The #1 secret to good digestion: Savor your food.
Enjoy every bite as you chew thoroughly.
2. Eat whole fiber foods that are not finely ground, like gently cooked veggies, broccoli, soaked or sprouted whole grains, chia seeds, artichokes, legumes, lentils, black beans, okra, Chick peas, nuts and seeds. Avoid flour and finely ground fiber, which adds to the congestion in the intestines.
3. Identify and eliminate allergens or inflammatory triggers The most common causes of gut inflammation and imbalance are sugar, dairy, flours, processed foods, industrial food toxins, and GMO foods. Even medications can contribute to inflammation. Antibiotics, antacids and steroids can create gut permeability. The most common allergenic foods include grains, corn, wheat, soy, dairy, eggs, nuts and fish. If this seems overwhelming, consider food allergy/sensitivity testing.
4. Enjoy fermented foods, water with unfiltered apple cider vinegar, or a quality probiotic supplement. Incorporate a serving of raw sauerkraut or kimchi in every meal. Children especially need fermented foods at every meal, to counteract the effects of modern food toxins.
5. Stay active and minimize stress. Lack of movement, or a sedentary lifestyle lowers all your body functions, including your brain. You need regular aerobic movement for healthy circulation of blood and lymph. Regular movement helps to flush stress out of the body. Stress or trauma are MAJOR contributors to inflammation and gut health. Whenever you’re feeling stressed, take a walk and do some slow breathing. You may need to carefully manage chronic stress with techniques, or re-arrange your daily priorities to change a pattern of stress.
6. Avoid these substances that damage gut bacteria
The gut micro-biome is like a healthy eco-system. Trillions of bacteria and enzymes are all working together for your health. It’s essential to cultivate a balanced gut. Our modern diet is inundated with processed foods, toxins, and genetically modified organisms. These are the worst enemies of your intestinal micro-biome. Their effect is subtle and powerful. Most people wouldn’t blame poor grades or a bad memory on sugar, GMO foods or pesticides. However studies clearly show the rising incidence of ADHD, autism, and neurological diseases are all linked to poor bacterial balance in the intestines.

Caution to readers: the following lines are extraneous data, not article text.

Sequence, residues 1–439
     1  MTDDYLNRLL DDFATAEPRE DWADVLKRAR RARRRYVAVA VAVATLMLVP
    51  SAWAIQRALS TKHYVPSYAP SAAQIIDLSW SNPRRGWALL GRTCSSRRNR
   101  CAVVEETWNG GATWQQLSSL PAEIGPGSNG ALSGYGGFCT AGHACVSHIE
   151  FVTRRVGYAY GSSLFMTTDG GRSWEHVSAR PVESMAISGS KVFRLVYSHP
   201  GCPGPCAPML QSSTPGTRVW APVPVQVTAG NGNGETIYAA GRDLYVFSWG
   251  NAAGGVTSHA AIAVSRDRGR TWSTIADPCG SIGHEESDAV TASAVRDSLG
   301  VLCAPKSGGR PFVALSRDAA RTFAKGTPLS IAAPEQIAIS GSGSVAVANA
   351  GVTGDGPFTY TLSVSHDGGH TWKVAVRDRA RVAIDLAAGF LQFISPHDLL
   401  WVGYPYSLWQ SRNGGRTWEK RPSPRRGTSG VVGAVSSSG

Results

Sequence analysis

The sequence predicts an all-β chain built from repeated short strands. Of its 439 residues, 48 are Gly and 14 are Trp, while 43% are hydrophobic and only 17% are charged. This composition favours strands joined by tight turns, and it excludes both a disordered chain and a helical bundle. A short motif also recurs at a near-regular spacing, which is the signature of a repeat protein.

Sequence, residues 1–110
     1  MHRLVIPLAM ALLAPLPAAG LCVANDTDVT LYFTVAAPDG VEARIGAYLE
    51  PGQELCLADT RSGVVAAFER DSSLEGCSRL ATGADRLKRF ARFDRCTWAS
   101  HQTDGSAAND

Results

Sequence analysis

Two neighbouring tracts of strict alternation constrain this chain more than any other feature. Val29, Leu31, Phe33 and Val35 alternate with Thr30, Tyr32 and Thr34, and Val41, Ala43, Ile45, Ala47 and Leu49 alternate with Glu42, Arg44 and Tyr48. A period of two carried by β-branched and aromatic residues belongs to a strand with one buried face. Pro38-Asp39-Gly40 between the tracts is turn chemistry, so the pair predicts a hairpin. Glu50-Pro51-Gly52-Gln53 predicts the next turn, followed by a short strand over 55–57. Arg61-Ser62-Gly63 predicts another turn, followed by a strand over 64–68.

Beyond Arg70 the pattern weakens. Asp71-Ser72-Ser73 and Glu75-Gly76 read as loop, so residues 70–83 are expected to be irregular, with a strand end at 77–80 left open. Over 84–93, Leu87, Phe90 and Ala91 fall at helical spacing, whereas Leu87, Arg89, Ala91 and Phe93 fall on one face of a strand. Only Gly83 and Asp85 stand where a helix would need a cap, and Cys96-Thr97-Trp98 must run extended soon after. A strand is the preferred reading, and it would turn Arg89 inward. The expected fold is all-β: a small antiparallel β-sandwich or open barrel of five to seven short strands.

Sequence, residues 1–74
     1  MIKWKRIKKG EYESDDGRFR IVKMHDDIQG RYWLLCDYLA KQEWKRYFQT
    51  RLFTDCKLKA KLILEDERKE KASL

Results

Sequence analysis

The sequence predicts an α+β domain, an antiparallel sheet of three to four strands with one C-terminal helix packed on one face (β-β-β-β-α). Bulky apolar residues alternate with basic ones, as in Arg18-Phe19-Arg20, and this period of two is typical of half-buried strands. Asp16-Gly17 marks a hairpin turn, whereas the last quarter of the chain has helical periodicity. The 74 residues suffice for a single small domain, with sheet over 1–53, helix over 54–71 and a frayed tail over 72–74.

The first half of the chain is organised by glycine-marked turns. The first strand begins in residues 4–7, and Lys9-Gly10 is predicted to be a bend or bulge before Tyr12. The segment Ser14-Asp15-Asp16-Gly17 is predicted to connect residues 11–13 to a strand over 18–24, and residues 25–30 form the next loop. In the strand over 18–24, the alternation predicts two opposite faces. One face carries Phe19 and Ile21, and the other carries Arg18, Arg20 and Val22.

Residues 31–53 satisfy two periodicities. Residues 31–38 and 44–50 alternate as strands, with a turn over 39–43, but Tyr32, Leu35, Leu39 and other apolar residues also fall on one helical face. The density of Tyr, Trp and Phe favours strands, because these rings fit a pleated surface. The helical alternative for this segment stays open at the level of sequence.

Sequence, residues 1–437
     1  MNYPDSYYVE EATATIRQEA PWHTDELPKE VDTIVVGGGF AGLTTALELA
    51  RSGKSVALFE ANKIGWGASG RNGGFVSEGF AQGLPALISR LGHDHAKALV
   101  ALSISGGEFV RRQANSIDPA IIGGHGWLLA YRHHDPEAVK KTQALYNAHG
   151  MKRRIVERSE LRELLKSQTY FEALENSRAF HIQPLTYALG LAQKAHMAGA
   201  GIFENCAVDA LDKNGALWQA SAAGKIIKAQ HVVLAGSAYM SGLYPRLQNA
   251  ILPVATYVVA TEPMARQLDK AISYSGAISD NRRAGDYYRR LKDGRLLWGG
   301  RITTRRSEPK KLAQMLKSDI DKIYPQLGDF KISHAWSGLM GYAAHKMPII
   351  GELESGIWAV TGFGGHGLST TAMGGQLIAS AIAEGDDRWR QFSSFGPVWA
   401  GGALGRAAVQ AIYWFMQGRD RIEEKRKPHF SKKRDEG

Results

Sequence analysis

- Sugars, Maple syrup, Agave, Coconut sugar, Artificial sweeteners
- Pesticides, herbicides like Monsanto’s Glyphosate, fungicides in conventional foods. Eat organic.
- Aluminum in cookware, baking equipment, cans, foil, and deodorants
- Mercury in dental amalgams, vaccines, and fish such as tuna, swordfish.
- Vaccines, which contain heavy metals aluminum, mercury
- Toxins such as solvents, glues, paint, Fluoride in drinking water
- GMO foods, which alter bacteria DNA
- Antibiotics, Pharmaceuticals, Statin drugs
- Alcohol consumption, Psychedelic drugs
What are the Best Foods to Optimize Intelligence?
To coordinate the nervous system and the gut, we need foods that build brain power and balance the gut micro biome. Given an ample supply of these neuro-nutrients, intelligence can grow, demonstrated by good cognition, healthy moods, and strong body. Here are some of the top intelligence foods in alphabetical order:
The Worst Foods for Brain Function and Mood
Nearly 2,000 years ago, Hippocrates, Greek Physician said: “All disease begins in the gut.” Fill your gut with junk foods, and the brain soon sputters and misfires, affecting your mood. When you eat sweets and your blood sugar crashes, your mood usually crashes too, leaving you tired, impatient and irritable. Here are some of the WORST foods for intelligence in alphabetical order:
Worst Intelligence Foods for Brain and Gut:
Optimizing our smarts at any age means integrating wellness in the nervous system, with a healthy intestinal micro biome through conscious foods. Only when the nervous system and gut environment are balanced can we enjoy optimum brain function.